Today's Top 20 Clinical Leadership Articles
  • Ballad's clinical chief embraces 'big, hairy' goals

    During the COVID-19 pandemic, hospital quality and safety scores dropped. Amit Vashist, MD, is working to rapidly fix this issue at Johnson City, Tenn.-based Ballad Health.
  • Leprosy and armadillos: What to know

    An uptick of confirmed leprosy cases in Florida is resparking the debate of the disease's possible connection to nine-banded armadillos, USA Today reported Oct. 3. 
  • The case for black boxes beyond the OR: Viewpoint

    "Black boxes" in operating rooms are gaining popularity as a tool to improve safety and optimize efficiency. Given their benefits in this area, there is a significant opportunity for hospitals to improve patient safety by installing them in other high-risk settings, Mary Hawn, MD, wrote in a blog published on the Association of American Medical Colleges' website Oct. 3. 
  • Becker's Health IT + Digital Health + Revenue Cycle Live Conference

    From cybersecurity to AI, consumerism & health equity — 240+ speakers at Becker's Health IT + Digital Health + RCM meeting will show how (and when) tech is the silver bullet. Join us this fall.
  • 5 ways hospitals can mitigate risk of prisoner escapes

    Hospitals contain many security features designed to keep unwanted threats out — think locked entrances, metal detectors, etc. — but they're less equipped to keep certain people in, says Tony Pope, vice president of the International Association for Healthcare Security and Safety.
  • Nursing licenses hit delays in Illinois

    Healthcare licenses in Illinois can take up to four to six weeks to be sent, according to The Telegraph, an Illinois-based outlet. 
  • A case for acing the basics, per Christus' chief clinical officer

    Healthcare is ripe for innovation, but that innovation is less impactful if health systems can't ensure it efficiently reaches patients across the organization. That's where acing the basics comes in, says Sam Bagchi, MD, executive vice president and chief clinical officer at Christus Health. 
  • Visitor restrictions come back at some hospitals

    Some hospitals and health systems have recently implemented visitor restrictions, citing an increase of respiratory virus activity in their facilities or in the communities they serve.
  • Surgical gloves: A vital strategy in the battle against HAIs

    Healthcare-associated infections spiked over the last few years, and proper glove use is vital to help stamp out HAIs. Get tips for picking the right gloves and adhering to best practices here.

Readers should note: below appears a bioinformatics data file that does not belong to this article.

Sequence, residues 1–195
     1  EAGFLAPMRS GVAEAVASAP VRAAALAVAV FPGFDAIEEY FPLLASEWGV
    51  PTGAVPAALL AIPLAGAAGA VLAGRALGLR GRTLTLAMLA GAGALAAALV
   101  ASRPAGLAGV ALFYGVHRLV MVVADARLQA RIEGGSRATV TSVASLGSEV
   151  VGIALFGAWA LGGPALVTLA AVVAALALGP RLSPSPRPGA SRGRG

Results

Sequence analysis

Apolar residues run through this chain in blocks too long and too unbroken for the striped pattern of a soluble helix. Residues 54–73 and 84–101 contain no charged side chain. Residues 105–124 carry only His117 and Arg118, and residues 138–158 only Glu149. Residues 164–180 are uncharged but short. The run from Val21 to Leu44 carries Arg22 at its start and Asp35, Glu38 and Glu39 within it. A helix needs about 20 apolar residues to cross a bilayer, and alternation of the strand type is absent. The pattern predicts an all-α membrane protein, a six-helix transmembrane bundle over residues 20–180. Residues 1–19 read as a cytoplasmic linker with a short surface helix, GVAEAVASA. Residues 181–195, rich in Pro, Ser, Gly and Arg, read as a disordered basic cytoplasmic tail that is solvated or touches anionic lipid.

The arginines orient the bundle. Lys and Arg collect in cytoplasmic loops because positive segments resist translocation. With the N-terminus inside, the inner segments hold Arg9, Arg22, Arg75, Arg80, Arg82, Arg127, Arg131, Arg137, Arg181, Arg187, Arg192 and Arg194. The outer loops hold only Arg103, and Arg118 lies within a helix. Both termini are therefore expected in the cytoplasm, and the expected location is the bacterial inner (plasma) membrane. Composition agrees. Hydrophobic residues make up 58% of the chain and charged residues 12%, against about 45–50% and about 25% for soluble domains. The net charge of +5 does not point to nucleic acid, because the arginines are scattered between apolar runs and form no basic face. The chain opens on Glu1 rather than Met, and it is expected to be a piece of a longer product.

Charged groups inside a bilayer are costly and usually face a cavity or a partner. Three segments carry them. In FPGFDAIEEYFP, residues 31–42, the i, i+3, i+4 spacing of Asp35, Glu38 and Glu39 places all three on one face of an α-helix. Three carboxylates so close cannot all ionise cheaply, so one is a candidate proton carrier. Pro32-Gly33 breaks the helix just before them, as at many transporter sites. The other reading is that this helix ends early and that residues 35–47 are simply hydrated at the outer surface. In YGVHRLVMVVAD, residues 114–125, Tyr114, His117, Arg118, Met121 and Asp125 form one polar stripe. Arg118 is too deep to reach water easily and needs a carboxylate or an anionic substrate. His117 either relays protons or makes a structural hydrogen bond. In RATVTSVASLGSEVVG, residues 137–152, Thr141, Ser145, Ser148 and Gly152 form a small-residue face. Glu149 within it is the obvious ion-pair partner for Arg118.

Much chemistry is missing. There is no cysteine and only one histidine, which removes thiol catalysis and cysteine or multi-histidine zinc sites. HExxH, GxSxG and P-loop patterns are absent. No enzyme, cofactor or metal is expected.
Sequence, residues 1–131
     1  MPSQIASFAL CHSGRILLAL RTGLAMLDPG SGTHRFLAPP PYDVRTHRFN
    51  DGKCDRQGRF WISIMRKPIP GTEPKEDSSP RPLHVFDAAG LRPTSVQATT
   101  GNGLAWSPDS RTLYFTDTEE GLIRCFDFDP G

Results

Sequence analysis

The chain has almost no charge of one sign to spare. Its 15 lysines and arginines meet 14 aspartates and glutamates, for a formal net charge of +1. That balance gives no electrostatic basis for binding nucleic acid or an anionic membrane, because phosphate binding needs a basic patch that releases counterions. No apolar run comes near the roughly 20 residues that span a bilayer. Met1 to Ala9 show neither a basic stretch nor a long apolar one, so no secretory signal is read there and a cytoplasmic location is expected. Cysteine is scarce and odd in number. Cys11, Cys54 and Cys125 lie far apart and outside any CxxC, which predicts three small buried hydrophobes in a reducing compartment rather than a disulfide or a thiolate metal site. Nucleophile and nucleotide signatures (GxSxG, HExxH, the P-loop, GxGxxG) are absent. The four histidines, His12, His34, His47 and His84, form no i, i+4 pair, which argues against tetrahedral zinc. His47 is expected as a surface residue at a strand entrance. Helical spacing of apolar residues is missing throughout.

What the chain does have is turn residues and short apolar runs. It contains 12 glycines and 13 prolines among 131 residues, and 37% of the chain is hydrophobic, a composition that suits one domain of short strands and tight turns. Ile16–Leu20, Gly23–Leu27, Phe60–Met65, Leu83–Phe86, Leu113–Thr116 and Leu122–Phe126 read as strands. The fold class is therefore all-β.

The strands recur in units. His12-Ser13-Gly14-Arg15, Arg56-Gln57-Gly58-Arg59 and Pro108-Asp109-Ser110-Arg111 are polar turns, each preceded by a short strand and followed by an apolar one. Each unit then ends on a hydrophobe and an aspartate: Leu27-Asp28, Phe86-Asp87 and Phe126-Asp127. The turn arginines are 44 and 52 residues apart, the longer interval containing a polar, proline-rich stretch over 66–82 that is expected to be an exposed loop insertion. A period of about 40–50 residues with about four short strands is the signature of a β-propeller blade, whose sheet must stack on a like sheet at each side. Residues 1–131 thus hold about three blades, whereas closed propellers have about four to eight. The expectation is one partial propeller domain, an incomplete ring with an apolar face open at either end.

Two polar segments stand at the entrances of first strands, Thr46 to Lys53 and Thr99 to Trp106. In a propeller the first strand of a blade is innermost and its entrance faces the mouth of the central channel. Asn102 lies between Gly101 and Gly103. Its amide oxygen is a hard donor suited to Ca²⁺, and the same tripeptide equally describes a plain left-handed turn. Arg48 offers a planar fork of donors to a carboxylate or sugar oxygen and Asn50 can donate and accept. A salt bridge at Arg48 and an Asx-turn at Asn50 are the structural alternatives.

• How 'elbow time' can give clinicians a voice: Advocate CNO

    Chief Nursing Officer Giancarlo Lyle-Edrosolo, DNP, RN, often scrubs in on procedures and rounds with the 3,000-plus clinicians and physicians he leads at Advocate Christ Medical Center.  
  • CDC taps Verily for wastewater surveillance

    Verily, the healthcare unit of parent company Alphabet, has won its first CDC contract to support national wastewater monitoring, the company said Oct. 2. 
  • FDA to hospitals: Stop probiotics for preterm infants

    The FDA is warning hospitals not to give probiotics to preterm infants following the death of a baby linked to a probiotic.
  • Hospitals defend pediatric care after WSJ report

    Chris DeRienzo, MD, chief physician executive for the American Hospital Association, released a letter in response to a Wall Street Journal article critical of hospital preparedness to treat pediatric patients.
  • Only 14% of hospitals are prepared to treat children: 7 notes

    Only 14 percent of emergency departments nationwide are certified as ready to treat children or are children's hospitals designed to care for young people, The Wall Street Journal reported Oct. 1.
  • These 4 groups face longer ED wait times

    A study by researchers at New Haven, Conn.-based Yale University found four groups of people were more likely to be skipped over in emergency room lines.
  • American Academy of Nursing announces new president-elect, board members

    The American Academy of Nursing has elected a new president and board, according to an Oct. 2 news release. 
  • A flu lineage may have been eliminated: WHO

    There have been no confirmed detections of infections caused by a family of flu viruses known as Influenza B/Yamagata since March 2020, suggesting it may have been eliminated. Based on that, the World Health Organization recommends leaving it out of flu shot compositions for next year. 
  • Legionnaires' detected at West Virginia hospital

    Legionnaires' disease-causing bacteria was found in one area of the 303-bed Cabell Huntington (W.Va.) Hospital, NBC affiliate WSAZ reported Sept. 29.
  • COVID-19 vaccine pioneers win Nobel Prize

    Katalin Karikó, PhD, and Drew Weissman, MD, PhD — two Penn Medicine scientists known for their groundbreaking work on messenger RNA that laid the foundation for COVID-19 vaccines — have been awarded the Nobel Prize in Physiology or Medicine. 
  • COVID-19 metrics continue decline: 4 updates

    COVID-19 hospitalizations have fallen for the second week after the U.S. noted a slight uptick every week since July, according to CDC data. 
  • Most common sentinel events in first half of 2023: Joint Commission

    The number of sentinel events in 2023 is on track to be near last year's record-setting 1,441 patient safety events that led to death, harm or an intervention required to sustain life, according to The Joint Commission data first shared with Becker's.  
  • The leading causes of death by age

    Transport accidents are the leading cause of death for most children while opioids and major cardiovascular disease are the most common leading cause of death for adults, according to a report from USA Facts, a nonprofit organization that conducts data analysis.

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